Can cartoons help children learn how to read and write? Literacy learning from Akili and Me


This is one in a series of four articles exploring the use of early childhood development messages in children’s television programming.

Ubongo Meets IDELA

As a response to the challenges children face when entering school for the first time, Ubongo, a Pan-African social enterprise aimed at significantly improving school readiness and learning outcomes for kids through localized edutainment, used IDELA to develop and test 52 episodes of a new edutainment series called Akili and Me. The series is targeted towards young children in the pre-primary ages of 3 to 6 where children learn a variety of different topics related to early childhood education through cartoons, fun activities and songs. Akili and Me covers all four domains measured by IDELA: motor development, social-emotional development, emergent literacy and emergent numeracy.

Early Literacy in Early Childhood Development

Save the Children defines emergent literacy as “the knowledge, skills, and attitudes that a child develops in relation to reading and writing throughout the early childhood period, starting at birth and before the onset of conventional reading and writing instruction (usually at school entry)” (Save the Children, n.d). Early learning skills are developed as children learn how to use both verbal and nonverbal forms of communication to express themselves. These early literacy skills include language development where children also develop their vocabulary, experiment writing where early writing efforts resemble scribbling, print awareness where children begin to understand that print on a page represents something, and letter knowledge and alphabetic principle where children begin to recognize letters of the alphabet and learn to associate letters with sound (Shrier & Michigan State University Extension, 2013).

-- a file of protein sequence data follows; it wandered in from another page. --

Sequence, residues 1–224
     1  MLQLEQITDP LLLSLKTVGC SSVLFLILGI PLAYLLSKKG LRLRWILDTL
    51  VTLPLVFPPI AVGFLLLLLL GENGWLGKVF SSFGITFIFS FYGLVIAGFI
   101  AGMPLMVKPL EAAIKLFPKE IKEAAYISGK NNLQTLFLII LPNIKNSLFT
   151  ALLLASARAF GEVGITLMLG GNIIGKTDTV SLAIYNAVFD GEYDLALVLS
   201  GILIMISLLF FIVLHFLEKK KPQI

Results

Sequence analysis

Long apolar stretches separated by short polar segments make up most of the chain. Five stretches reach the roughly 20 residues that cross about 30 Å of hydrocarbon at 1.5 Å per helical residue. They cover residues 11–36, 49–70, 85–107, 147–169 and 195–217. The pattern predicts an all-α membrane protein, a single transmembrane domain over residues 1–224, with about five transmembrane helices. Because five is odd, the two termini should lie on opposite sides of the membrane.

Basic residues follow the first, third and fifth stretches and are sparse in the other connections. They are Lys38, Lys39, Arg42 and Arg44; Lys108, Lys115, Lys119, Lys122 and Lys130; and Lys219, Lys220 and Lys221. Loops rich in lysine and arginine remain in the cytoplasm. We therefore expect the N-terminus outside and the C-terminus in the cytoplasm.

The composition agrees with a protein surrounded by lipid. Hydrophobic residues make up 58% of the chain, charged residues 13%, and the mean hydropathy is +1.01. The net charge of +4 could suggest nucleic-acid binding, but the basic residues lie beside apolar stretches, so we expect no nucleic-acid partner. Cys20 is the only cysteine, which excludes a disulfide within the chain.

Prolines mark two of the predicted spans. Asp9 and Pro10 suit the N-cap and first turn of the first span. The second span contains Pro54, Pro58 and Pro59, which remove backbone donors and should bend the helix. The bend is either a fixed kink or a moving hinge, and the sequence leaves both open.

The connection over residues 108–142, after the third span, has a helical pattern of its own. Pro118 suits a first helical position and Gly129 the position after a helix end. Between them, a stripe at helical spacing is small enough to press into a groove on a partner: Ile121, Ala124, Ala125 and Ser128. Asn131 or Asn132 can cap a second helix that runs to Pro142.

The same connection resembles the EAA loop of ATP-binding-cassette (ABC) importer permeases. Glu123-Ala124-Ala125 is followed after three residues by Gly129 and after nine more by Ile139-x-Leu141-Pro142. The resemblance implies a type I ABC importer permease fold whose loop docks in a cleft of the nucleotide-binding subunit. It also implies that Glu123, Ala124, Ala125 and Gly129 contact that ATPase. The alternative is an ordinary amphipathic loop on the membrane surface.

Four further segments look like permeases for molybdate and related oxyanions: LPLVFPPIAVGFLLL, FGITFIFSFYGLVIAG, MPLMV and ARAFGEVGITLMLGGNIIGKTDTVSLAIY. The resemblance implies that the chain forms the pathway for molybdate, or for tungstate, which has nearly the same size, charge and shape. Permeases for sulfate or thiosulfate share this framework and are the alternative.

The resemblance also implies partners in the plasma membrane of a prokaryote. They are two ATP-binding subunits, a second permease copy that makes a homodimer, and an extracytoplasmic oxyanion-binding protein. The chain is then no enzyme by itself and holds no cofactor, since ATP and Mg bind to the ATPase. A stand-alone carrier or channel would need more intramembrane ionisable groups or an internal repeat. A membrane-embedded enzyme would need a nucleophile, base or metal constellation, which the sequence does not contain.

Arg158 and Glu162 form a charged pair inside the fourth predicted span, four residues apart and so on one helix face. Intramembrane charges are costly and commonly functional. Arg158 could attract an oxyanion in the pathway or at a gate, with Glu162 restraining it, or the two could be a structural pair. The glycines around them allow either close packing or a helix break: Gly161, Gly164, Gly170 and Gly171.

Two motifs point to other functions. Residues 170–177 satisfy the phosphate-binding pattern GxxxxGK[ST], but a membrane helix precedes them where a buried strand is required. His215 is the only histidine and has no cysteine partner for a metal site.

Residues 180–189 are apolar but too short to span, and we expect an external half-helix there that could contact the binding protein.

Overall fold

Literacy Learning through Akili and Me

IDELA provides various assessment tasks within the emergent literacy domain which include print awareness, expressive vocabulary, letter identification, phonological awareness and listening comprehension. Akili and Me offers several episodes for learning within this domain. For example, “Reading with Akiliis an episode where children learn how to read a book and are prompted with “where, who, when” questions, “Learn the letter A” is an episode and part of a series where children get introduced to each letter of the alphabet, and “Animal Alphabet” enables children to learn each letter of the alphabet accompanied by animal names that start with each letter.

To assess the impact of Akili and Me on preprimary children, Ubongo conducted a randomized control trail using IDELA where 568 children from nine government schools were selected and were between the ages of 4 to 5 years, spoke Kiswahili as a first language, and come from low or middle-income families. Children were assessed using IDELA before and after a five-week intervention in the classroom. Results from the study concluded that children who watched Akili and Me exhibited a 13% gain in emergent literacy in comparison to children in the control group.

To learn more about Akili and Me’s impact on child participants, click here


Shrier, C., & Michigan State University Extension. (2018, September 20). ABC’s of Early Literacy: The importance of developing early literacy skills. Retrieved from

Save the Children. (n.d.). Emergent Literacy: Investing Early for Exponential Outcomes. Retrieved from